On the other hand, repair actions (self- and other-repair) are used to replace, insert, rephrase, or correct talk during interactions (Van der Westhuizen, 2012a). Repair is not necessarily correcting errors but could be used to assist a speaker having trouble searching for a word that captures the intended message (Hutchby & Wooffitt, 2008; Koschmann, 2013). According to Van der Westhuizen (2012b:147), "self-repair and otherrepairs serve the purposes of clarifying understanding, developing shared understanding and knowledge." Hence, conversation analysis was adopted in this study to show how participating teachers constructed their own learning through professional conversation.

Research Question

The research question that informed this study was: how do teachers learn in professional conversation?


Research Design and Methodology

This study originally adopted an ethnomethodological research design. Given that the conversation was organised by the researchers, autoethnography becomes the suitable design. Auto-ethnography focusses on the dialectics of subjectivity and culture, and in general, entails the detailed analysis of oneself qua member of a social group or category (Allen Collinson, 2006:19). According to Dyll (2018:149), autoethnographers are expected to be involved in the construction of meaning and values in the social worlds they investigate.

Six primary school teachers were purposively selected from the East London Education District in the Eastern Cape, South Africa. The teachers were aged between 25 and 58 years, with a minimum qualification of a Bachelor of Education degree. Among them, the teachers shared teaching experience of between one and 35 years. Five of the teachers taught in the intermediate phase, while one taught in the foundation phase.

A video recorder was used to capture the conversation among the teachers. Video recording is a qualitative research instrument that captures moving images with or without sound to study the visual detail of interaction and behaviour (Gibson, 2008:918). The choice of video recording allowed the researchers to capture both vocal and non-vocal behaviour (Clayman & Gill, 2004:592) of the teachers for conversation analysis purposes.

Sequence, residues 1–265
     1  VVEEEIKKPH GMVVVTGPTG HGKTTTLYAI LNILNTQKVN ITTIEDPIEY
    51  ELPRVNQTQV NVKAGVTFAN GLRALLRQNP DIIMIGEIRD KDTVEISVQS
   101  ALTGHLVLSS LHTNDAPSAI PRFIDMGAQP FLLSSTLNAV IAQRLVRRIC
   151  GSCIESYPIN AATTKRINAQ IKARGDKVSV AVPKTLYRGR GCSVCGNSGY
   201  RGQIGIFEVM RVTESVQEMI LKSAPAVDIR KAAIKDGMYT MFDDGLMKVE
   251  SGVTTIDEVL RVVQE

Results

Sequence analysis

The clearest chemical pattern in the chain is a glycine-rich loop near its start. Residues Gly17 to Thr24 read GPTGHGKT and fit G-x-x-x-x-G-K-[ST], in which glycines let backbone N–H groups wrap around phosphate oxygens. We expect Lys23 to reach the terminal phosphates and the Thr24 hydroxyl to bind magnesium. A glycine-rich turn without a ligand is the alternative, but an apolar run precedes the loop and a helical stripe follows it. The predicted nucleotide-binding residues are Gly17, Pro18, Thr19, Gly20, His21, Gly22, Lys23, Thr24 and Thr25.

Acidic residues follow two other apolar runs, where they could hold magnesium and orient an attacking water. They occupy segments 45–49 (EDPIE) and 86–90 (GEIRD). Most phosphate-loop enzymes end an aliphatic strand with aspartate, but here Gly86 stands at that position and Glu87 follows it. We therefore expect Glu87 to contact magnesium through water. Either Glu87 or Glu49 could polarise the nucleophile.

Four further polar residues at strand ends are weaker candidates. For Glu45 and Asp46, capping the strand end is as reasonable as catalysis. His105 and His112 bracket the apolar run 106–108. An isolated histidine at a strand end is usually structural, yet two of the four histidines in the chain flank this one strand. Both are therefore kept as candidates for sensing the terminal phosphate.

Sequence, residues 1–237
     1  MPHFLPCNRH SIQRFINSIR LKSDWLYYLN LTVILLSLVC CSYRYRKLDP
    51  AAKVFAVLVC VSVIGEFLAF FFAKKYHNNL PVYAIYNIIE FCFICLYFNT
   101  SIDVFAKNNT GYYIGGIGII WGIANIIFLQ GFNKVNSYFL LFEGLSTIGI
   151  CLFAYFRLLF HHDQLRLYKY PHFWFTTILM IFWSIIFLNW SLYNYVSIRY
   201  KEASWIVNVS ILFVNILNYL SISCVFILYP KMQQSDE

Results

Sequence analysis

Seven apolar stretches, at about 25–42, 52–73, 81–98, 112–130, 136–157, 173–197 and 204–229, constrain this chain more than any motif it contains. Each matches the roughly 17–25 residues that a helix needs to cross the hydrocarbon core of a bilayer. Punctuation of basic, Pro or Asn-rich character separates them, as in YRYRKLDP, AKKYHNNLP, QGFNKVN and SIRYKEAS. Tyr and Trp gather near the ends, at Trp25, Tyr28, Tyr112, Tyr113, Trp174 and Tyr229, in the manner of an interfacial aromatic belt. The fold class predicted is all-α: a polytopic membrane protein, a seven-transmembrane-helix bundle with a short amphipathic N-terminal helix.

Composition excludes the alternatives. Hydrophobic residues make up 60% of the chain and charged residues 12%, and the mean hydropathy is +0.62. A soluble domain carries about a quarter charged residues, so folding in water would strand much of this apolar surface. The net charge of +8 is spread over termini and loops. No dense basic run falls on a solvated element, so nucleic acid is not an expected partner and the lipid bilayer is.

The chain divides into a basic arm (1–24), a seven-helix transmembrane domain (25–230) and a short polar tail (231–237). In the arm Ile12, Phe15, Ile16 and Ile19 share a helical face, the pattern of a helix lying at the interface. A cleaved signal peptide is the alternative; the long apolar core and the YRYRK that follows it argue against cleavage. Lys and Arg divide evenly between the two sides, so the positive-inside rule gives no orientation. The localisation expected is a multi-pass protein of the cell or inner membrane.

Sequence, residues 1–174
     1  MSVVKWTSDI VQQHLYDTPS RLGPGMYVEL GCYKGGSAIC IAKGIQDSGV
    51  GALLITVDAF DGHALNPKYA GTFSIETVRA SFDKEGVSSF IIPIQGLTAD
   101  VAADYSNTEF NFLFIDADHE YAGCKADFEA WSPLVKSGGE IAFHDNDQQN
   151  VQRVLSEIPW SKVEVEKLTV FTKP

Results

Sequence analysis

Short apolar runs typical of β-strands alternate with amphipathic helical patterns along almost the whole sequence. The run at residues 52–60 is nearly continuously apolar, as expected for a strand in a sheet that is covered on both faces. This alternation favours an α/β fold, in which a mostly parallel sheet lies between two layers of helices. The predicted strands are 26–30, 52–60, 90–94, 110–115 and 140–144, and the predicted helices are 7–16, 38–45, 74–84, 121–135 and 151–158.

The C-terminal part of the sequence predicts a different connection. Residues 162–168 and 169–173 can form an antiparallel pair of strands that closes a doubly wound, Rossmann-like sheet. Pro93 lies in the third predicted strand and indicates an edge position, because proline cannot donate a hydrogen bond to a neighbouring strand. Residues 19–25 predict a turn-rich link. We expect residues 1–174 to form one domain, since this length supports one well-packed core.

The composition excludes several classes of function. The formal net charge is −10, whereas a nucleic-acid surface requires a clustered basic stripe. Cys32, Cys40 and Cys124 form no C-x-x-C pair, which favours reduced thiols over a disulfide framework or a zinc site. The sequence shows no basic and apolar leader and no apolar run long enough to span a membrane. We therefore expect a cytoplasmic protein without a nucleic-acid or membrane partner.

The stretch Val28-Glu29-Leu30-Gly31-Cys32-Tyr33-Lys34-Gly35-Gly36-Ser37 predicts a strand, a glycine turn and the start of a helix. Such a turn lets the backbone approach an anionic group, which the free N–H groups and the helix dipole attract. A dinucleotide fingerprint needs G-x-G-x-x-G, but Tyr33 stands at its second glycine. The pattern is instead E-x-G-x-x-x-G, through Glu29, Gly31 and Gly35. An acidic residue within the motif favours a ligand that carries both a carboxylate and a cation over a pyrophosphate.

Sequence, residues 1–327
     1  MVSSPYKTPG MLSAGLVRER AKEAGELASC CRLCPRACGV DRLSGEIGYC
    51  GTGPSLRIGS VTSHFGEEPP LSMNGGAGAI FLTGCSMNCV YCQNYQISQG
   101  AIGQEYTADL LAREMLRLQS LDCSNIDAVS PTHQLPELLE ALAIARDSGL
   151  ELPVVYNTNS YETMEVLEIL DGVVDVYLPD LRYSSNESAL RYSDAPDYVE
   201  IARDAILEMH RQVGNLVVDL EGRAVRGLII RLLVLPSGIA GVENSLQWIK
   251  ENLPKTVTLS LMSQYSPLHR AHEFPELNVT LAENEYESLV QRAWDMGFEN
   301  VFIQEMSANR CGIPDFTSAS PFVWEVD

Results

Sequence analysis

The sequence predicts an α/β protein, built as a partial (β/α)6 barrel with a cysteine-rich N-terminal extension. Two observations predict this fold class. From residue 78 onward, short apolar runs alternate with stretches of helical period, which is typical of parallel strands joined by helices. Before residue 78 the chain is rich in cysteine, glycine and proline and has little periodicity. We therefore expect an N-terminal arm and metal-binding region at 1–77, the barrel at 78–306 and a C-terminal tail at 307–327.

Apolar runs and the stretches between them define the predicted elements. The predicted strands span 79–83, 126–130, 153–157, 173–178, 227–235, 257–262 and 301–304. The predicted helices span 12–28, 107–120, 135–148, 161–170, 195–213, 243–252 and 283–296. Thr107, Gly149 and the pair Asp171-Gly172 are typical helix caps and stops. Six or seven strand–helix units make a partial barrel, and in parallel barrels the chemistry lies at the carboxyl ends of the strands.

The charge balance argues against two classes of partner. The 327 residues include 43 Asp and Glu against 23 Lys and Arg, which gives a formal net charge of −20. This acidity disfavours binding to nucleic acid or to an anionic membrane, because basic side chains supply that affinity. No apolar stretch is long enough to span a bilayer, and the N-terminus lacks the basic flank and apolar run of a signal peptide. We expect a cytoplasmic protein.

The procedure used to capture the data involved video recording teachers while discussing issues around classroom discipline. The recording, which lasted for 31 minutes and 56 seconds, took place in the school staff room. The teachers agreed that the conversation and video recording could take place after official school hours for purposes of privacy and non-distraction. The six teachers sat in three rows facing each other during the conversation while one of them initiated the conversation. Another teacher from the school (computer teacher) recorded the conversation on behalf of the researchers in order to reduce the researchers' intrusion.

The video recording was viewed several times and transcribed verbatim. Three learning episodes, represented in Tables 1 to 3 below, were selected from the transcript and transcribed again using Jef- ferson's notations symbols (Jefferson, 2004:24) for conversation analysis purposes (see Appendix A for the Jefferson notations symbols explanations). Clayman and Gill's (2004:596) conversation analysis levels were used to analyse the three learning episodes identified as: requesting advice, testing ideas, and sharing ideas. The levels include a macroscopic level (what is happening in the conversation); sequence organisation (participants' ordering of talk/actions); singular actions (how the participants individually or in the group participate in the conversation); and a microscopic level (participants' choice of words, intonation, and non-vocal behaviours). Pseudonyms (T1, T2, T3, T4, T5, T6 and AT) were used to represent the teachers' names. T meaning Teacher and AT meaning All Teachers.

Ethical Considerations